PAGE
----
There are several other types of specialty truck driving positions in the oil and gas industry. Here are six other positions you might consider in this industry. The national average salary for these jobs is approximately $77,195 per year:
1. Gravel truck driver
Primary duties: Gravel truck drivers operate specialty dump trucks to transport gravel or loose rock to job site locations. Gravel truck drivers inspect their trucks to certify that everything is functioning properly, including the hydraulic lines and other moving parts. They also review shipment documents to certify their truckloads and ensure they receive the correct gravel or rock material.
2. String truck driver
Primary duties: String truck drivers load and transport pipe to and from pipeline work sites. These drivers inspect pipe shipments to certify the quality of finished parts and tie-down loads according to established loading operations. These drivers also review and plan delivery routes to identify any potential roadway barriers, such as low bridges or low-weight barriers. Drivers also verify delivery locations and manifests to ensure they deliver the right amount of materials to the correct location at the right time.
3. Supply truck driver
Primary duties: Supply truck drivers transport food or work site supplies to job sites or other locations. They receive order information, collect supplies and load their vehicle with designated food, beverages or other needed materials. Drivers also review route and delivery information to ensure they deliver items within set deadlines. Some supply truck drivers might also inventory work site supplies to identify any supply requirements, which can help improve the efficiency of work site operations.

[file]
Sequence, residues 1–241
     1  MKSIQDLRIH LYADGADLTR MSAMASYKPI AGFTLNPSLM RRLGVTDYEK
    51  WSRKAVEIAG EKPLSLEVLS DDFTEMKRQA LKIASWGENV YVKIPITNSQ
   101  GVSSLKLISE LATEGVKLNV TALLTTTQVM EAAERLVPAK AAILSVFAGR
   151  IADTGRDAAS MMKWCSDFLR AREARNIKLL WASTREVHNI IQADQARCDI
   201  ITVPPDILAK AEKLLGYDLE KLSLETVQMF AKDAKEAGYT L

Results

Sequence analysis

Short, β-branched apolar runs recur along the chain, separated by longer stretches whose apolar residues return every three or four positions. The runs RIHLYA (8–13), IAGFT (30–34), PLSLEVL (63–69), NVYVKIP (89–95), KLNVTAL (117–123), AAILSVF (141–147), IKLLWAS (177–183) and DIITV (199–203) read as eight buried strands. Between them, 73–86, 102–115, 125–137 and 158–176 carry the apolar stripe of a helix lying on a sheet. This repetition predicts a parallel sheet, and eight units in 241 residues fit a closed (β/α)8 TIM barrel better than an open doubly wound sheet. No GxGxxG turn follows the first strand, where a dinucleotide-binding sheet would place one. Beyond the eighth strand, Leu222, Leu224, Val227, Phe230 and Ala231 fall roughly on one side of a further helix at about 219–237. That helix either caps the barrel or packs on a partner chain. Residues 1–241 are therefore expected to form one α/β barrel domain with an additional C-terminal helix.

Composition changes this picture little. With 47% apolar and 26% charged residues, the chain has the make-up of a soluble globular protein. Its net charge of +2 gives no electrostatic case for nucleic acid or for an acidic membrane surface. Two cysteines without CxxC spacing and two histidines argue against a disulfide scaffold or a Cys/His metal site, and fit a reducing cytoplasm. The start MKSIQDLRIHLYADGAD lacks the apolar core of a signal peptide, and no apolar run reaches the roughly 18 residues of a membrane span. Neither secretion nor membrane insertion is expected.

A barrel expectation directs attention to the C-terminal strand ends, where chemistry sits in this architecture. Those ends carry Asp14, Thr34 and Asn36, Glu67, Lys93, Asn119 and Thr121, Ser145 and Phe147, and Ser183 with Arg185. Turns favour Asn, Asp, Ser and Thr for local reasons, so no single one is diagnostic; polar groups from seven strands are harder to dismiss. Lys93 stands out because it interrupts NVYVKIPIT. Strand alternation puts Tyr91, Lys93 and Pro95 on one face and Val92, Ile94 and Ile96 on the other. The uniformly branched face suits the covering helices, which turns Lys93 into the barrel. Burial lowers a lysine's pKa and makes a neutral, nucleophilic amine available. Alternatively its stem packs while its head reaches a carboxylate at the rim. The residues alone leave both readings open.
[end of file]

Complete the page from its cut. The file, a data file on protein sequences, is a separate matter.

4. Vacuum truck driver
Primary duties: Vacuum truck drivers load and transport waste or other hazardous materials from oil and gas work sites. These professionals also clean equipment, hazardous spills, common work areas, and other areas to maintain the cleanliness and safety of work site operations. Vacuum truck drivers also operate other equipment, such as a vacuum trailer, pressure washer, hydro vacuum or roll-off truck to conduct clean-up operations. Many companies prefer these professionals maintain specialty certifications to work with hazardous materials or in confined spaces to operate vacuum equipment.
5. Explosives delivery driver
Primary duties: Explosives delivery drivers safely transport explosive materials or devices to and from oil and gas job sites. They collaborate with job site managers and leadership teams to identify explosive requirements and fill orders according to these specifications. Drivers also research delivery routes and explosive transportation regulations to maintain the safety of community members and other roadway drivers. These drivers also help conduct safe loading and unloading operations to maintain optimal job site safety.
6. Escort driver
Primary duties: Escort drivers, also known as swampers, travel with transport drivers to assist them as needed. They ensure load safety by reviewing tie-downs, shipment documents, and shipment placards. These professionals also conduct preventative and emergency maintenance on transportation vehicles and help clean and maintain vehicles when not actively transporting shipments. Some escort drivers also assist with loading and unloading operations, which can help expedite transportation activities.
I hope you find this article helpful.